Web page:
For a band whose name keeps getting brought up in close proximity to the word “anonymity,” Jungle’s sound sure suggests a strong sense of identity. The two men behind this project, who are going by their first initials J and T primarily, don’t view their reclusiveness as a publicity stunt but as a way to keep their art free from egotism. Even in the course of interviewing them via email, there was no delineation of who was answering what question.
“One of Jungle’s key mantras is that we never self-promote ourselves,” they say. “The only way that you can ensure that people make an honest connection with your work is by letting them find it themselves or through word of mouth. I can safely say that Jungle will never have a Twitter account. It’s just not about that for us. If people want to spread the word on our behalf then that’s the coolest thing, and the most humbling.”
The crazy thing is how well this word of mouth approach worked for them. Their debut went neck and neck with Morrissey’s latest upon its release and still made a huge splash. Their ticket to the top has to be their authenticity. Their songs may be conversant with the musical advances of the digital age, but they see their work as a call toward legitimate person-to-person connection. “At the end of the day, if your output as an artist is good enough, people will connect with it in which ever way they want. But people do need to remember that the best relationships and the best experiences are conceived in the real world, with real people and honest intentions.”
This view of community and connectivity also colors the way they promoted their debut. Their music videos featured dancers and other talented friends, not J or T themselves. Whether Jungle is best viewed as a musical project or artistic collective is still up in the air, especially considering how much faith the two centerpieces have in their compatriots.
“The group of creative and artistic individuals that have helped us on our journey so far are here purely because we love them, and they love the music and art that they create, not because they want to use Jungle as a means to promote themselves. Jungle will always be bigger than the individuals involved, but it wouldn’t be the exciting project that it is without them.”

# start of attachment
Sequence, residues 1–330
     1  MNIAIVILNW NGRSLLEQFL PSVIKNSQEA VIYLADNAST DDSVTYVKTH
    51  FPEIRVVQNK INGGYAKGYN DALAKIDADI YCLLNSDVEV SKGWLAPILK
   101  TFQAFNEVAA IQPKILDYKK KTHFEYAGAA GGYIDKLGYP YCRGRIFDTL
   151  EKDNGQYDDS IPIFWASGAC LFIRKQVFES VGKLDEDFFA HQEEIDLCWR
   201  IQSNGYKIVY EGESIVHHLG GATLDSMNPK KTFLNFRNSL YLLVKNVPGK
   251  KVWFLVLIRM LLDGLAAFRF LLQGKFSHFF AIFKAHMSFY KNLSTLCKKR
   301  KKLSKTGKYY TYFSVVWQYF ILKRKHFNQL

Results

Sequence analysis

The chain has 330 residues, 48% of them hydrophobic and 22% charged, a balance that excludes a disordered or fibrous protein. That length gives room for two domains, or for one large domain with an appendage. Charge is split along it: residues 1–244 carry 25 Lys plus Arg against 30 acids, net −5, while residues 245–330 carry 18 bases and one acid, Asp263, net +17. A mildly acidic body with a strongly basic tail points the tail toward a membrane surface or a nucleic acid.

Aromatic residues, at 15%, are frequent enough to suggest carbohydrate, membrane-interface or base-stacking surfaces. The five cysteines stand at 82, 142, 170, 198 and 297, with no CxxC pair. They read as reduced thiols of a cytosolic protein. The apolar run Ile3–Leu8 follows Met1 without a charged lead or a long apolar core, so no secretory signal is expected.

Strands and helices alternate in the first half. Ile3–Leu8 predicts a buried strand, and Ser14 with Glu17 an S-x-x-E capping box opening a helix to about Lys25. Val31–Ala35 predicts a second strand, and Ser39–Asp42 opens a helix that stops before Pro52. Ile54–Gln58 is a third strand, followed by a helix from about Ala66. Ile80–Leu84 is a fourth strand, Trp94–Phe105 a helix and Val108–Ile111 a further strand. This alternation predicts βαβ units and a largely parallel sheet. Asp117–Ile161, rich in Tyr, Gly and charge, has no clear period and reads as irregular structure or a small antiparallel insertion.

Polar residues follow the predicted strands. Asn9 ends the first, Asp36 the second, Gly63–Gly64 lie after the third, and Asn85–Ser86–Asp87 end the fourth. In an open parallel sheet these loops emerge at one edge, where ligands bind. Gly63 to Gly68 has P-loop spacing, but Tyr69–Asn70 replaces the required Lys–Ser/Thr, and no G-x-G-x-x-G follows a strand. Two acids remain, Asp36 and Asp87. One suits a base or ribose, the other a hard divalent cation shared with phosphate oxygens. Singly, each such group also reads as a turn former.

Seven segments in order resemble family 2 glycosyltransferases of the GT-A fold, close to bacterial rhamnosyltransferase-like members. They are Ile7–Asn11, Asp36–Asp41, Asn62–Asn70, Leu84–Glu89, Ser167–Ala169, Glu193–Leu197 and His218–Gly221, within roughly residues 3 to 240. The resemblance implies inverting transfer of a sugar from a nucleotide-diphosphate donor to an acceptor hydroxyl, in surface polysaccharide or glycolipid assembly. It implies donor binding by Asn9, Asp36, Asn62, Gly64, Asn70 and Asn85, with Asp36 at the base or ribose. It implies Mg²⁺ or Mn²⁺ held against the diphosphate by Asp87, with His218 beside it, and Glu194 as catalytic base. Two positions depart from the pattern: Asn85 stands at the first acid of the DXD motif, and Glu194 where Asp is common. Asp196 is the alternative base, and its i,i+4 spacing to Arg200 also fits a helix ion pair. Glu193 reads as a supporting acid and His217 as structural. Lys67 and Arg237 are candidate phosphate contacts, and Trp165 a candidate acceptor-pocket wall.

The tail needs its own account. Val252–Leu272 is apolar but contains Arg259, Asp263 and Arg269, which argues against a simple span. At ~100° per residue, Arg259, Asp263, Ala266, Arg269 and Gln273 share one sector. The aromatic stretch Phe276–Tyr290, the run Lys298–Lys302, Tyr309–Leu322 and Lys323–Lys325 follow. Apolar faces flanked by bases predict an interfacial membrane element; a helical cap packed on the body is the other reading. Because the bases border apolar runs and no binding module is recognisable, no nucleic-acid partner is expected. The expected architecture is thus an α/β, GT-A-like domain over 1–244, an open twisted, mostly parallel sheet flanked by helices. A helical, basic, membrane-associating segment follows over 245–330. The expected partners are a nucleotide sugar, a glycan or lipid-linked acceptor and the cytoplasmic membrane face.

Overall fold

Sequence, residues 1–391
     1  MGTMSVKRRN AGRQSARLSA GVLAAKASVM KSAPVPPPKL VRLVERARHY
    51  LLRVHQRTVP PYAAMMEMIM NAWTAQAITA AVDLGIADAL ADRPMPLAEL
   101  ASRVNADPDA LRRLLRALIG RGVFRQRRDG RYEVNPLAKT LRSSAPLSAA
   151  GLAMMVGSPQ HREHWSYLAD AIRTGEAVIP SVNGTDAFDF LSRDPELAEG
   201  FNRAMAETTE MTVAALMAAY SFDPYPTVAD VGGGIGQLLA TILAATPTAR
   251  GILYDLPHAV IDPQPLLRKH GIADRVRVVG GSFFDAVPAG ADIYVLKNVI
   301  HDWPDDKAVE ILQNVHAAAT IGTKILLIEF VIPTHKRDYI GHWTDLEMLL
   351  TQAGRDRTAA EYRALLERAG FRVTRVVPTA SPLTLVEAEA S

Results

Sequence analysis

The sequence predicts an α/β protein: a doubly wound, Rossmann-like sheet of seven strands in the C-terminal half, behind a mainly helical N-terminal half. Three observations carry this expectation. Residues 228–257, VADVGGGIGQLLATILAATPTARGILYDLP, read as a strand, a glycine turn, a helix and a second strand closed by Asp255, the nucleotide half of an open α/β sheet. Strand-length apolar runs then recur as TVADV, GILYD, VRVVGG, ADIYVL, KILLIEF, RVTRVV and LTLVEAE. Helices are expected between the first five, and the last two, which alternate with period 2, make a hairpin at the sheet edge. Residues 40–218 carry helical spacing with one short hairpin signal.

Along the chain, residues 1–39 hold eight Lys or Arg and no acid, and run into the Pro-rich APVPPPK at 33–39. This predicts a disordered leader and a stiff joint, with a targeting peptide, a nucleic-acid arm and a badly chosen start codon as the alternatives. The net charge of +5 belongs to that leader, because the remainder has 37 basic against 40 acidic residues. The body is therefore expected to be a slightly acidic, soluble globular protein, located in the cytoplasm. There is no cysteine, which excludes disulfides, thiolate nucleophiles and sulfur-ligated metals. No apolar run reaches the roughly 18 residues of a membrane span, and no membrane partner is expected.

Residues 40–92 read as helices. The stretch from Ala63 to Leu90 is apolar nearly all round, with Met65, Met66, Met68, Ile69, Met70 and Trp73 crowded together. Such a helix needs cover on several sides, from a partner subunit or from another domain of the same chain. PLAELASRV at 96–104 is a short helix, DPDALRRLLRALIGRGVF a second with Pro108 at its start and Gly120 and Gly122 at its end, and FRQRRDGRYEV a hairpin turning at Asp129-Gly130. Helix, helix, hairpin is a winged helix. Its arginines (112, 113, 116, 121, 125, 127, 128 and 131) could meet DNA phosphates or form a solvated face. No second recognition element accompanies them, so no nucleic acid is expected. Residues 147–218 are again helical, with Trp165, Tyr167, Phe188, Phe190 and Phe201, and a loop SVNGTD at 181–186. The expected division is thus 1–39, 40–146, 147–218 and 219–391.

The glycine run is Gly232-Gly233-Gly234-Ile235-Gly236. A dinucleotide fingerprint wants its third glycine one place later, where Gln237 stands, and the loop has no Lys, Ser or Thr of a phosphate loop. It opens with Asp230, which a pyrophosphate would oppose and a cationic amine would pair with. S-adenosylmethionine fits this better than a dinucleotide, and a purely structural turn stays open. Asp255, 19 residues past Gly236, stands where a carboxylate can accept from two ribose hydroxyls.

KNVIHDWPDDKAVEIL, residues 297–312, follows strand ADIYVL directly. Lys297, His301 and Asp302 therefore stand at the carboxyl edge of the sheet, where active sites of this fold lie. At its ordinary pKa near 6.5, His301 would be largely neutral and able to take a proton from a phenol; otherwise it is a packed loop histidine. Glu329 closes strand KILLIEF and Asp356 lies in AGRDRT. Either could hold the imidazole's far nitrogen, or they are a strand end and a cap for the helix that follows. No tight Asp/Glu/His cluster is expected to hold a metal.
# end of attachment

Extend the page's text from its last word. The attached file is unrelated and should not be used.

Still, you can’t avoid how the music centers on the ingenuity of two men in particular.
One thing we do know about J and T is that they’re longtime friends, growing up together in England. They spent their formative years together, experiencing life and art for the first time by each other’s sides.
“We’ve spent 15 years digesting culture and music together, sometimes together a friends and other times on our own. It’s incredibly hard to pinpoint exact moments of bonding over music, it’s generally an everyday experience for us still. I guess one of my strongest memories of our childhood is skating in London and listening to hip hop.”
The hip-hop these two must’ve grown up listening to definitely factors into their sound, given the emphasis on beats and basslines. Add to that a healthy smattering of soul and dance and you’re beginning to get a handle on the treat you’re in for when you listen to this record for the first time.
J and T are happy to draw influence from even the recent past, learning from those who came before, but they worry too much reliance on other people’s sounds for inspiration may become disingenuous. Moreover, they view the idea of influence more holistically than just a cursory survey of what’s been playing in their cars lately.
“We seek influence from everything in life, not just music. It’s dangerous to directly take influence from other artists because you find that your creative process becomes dishonest. If we had to pinpoint a few records we’ve been loving this year though, I’d say that J Dilla’s Donuts and Frank Ocean’s channel ORANGE have been on repeat.”
Jungle’s debut definitely sounds like progress. It knows enough about what came before it, both musically and on a more wide-scale level, to be able to take 2014 a few steps forward in the soul, R&B, dance and alternative rock departments. Opening track “The Heat” hearkens back to the first time you heard TV on the Radio’s “Wolf Like Me” or Blood Orange’s “You’re Not Good Enough.” From that point onward, they keep up their sleek sounding magic act all the way to album closer “Lemonade Lake.”
The success of their debut has to make them think about the future but these guys are pretty cerebral. So when they think about what’s next for them, it’s also about what’s next for music, the planet and the human race.
“It’s a matter of evolution,” they say. “Humans created the car thinking it was the most wonderful thing in the world, but 100 years later we’re struggling to save our planet. The same will happen with the internet. Who knows where technology will take us, but we’ll have to adapt. The same goes for how people receive, digest and connect with music. We have no control over the evolution of streaming services, so we’ve just got to go with the flow and not let it affect our own processes.”
Even though a record as aware as this existing at the same time as Spotify makes an awful lot of sense, it’s refreshing to hear the important thing for them is still the music. Even though everything is changing, Jungle wants to be on top of the present without giving in to its pretenses and weaknesses. And, with an attitude like that, it’s pretty exciting to think of what they’re going to come up with next.